8. letter stating date of arrival in Grenada, purpose of visit, the activities engaged in and reason why applicant would like to acquire permanent residence status;
  9. updated immunisation card; and
  10. security check fee of 275 Eastern Caribbean dollars applicable on submission of application.

If permanent residence is granted they are entitled to reside in Grenada but still require a work permit if they desire to work.

Revocation of permit of permanent residence

A person permitted to obtain permanent residence within the jurisdiction of Grenada must adhere to the legal requirements in order that permanent residence is not revoked by the minister of government with responsibility for granting the same. Pursuant to the provisions of the Immigration Act, the said minister of government has the discretion to revoke the permit of permanent residence.

Section 25 of the Immigration Act states:

  1. The Minister may, by order in writing, revoke a permit of permanent residence or any endorsement thereon on the grounds that the person to whom it relates –
    1. subsequent to the grant of such permit has been ordinarily resident outside Grenada continuously for a period of three years;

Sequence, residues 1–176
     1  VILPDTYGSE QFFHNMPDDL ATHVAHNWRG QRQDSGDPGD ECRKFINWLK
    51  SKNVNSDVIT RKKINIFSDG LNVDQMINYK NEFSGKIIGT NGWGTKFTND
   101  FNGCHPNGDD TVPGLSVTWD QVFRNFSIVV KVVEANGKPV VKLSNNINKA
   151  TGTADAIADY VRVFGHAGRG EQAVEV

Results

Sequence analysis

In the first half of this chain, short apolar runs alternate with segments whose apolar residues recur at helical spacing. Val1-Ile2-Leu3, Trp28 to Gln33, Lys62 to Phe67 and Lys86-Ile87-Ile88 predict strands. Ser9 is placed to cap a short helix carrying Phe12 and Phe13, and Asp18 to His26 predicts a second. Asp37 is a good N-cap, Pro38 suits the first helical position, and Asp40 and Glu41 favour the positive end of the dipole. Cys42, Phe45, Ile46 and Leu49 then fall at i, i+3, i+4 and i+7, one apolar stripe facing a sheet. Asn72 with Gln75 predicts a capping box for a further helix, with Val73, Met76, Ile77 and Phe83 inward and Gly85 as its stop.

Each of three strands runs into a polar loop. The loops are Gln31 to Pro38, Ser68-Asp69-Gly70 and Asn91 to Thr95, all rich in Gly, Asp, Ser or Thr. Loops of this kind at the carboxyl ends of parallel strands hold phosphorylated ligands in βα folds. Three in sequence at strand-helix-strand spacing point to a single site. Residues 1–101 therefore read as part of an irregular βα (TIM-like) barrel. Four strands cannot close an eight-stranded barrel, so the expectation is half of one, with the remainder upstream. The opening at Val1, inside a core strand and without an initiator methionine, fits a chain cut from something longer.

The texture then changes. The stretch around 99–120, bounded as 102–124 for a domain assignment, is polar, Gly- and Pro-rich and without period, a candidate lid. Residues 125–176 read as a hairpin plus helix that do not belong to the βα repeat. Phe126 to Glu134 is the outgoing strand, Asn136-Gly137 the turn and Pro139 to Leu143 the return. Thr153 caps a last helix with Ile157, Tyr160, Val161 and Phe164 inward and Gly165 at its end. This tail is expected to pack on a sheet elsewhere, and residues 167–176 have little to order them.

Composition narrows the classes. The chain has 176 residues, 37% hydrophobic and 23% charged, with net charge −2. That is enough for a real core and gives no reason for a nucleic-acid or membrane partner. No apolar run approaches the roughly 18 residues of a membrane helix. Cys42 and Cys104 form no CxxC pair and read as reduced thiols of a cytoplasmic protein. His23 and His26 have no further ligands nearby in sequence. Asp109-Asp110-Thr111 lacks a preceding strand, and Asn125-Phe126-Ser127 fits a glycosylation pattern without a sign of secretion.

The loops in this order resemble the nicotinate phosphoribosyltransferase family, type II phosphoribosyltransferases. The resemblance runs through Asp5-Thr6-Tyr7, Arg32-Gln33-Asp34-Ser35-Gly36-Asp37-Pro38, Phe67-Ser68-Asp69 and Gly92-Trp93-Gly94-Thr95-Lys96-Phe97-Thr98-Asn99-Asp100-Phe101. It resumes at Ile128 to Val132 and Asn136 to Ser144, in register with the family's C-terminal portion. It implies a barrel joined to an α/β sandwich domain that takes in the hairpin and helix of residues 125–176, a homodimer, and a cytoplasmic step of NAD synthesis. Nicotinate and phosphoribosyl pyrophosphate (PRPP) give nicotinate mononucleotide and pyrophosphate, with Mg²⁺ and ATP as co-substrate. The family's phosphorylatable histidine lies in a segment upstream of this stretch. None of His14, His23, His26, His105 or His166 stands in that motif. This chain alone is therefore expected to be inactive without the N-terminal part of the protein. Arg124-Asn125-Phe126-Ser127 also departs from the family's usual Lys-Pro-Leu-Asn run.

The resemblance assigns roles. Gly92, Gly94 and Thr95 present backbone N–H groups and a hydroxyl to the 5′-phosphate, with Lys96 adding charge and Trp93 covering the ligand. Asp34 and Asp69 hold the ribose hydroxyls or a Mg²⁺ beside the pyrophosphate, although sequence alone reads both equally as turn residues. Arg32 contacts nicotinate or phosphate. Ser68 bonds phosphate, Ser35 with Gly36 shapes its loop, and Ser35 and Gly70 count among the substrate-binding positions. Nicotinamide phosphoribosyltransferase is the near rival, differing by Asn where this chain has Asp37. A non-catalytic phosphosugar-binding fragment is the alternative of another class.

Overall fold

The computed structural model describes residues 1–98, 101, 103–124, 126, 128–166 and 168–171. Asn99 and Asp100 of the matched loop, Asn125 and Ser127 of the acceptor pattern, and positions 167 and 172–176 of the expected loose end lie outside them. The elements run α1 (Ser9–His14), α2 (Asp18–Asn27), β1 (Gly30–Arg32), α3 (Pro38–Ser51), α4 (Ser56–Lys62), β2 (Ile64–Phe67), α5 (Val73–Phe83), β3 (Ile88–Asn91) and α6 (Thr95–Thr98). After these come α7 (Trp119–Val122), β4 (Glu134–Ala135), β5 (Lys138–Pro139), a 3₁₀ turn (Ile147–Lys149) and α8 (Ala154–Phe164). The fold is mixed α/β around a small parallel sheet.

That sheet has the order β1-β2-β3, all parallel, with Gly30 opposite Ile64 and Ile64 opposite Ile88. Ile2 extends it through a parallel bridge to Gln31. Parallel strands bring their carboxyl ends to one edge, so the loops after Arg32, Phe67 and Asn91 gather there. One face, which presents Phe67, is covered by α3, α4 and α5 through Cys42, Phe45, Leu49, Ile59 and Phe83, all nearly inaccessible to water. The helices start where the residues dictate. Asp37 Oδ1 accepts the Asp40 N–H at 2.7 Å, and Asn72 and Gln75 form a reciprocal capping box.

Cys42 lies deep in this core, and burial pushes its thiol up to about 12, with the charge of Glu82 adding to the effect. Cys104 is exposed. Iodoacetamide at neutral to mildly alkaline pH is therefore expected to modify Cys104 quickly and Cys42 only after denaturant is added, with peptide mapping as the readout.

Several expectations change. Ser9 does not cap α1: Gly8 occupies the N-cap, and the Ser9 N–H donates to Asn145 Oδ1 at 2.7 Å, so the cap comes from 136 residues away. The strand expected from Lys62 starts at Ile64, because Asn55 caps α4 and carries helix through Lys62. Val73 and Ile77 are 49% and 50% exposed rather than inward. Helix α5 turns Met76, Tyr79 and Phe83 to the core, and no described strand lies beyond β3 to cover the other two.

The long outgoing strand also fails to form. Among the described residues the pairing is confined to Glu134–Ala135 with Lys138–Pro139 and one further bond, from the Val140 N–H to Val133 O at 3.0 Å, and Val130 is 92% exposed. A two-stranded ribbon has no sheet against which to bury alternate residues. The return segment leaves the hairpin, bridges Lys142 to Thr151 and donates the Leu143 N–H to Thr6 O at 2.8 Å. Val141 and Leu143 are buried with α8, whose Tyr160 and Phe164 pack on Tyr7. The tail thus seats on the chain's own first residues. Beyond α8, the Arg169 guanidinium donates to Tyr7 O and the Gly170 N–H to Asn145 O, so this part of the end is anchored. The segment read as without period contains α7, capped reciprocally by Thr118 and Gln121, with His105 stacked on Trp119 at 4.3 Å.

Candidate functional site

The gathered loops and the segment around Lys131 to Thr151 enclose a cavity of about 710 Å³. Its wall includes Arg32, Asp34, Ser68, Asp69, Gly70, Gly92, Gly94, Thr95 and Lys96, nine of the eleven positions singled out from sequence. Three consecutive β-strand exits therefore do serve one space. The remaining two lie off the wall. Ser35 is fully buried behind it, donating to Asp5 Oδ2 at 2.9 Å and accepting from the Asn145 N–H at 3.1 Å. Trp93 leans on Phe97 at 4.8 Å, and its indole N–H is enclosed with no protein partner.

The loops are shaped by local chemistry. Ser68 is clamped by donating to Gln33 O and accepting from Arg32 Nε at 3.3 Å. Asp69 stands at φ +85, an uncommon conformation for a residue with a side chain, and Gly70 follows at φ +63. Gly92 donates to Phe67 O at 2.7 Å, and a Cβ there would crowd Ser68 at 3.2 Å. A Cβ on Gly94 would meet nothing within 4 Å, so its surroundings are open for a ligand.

2. has in any country been imprisoned for a criminal offence for one year or more;
    3. has so conducted himself or herself that in the opinion of the Minister it is not in the public interest that he or she should continue to enjoy the privileges conferred by the permit;
    4. or being the wife of the person to whom it was granted –
    5. has commenced to live apart from her husband under a decree of a competent court or under a deed of separation, or
    6. has ceased to be married to her husband by reason of dissolution or annulment of marriage.
  2. No order shall be made by the Minister in exercise of the power conferred by subsection 1 unless the person against whom the order is proposed to be made has first been given a notice in writing of the grounds on which it is proposed to be made and has been afforded an opportunity to be heard.5
Foreign Nationals and Commonwealth Citizens Act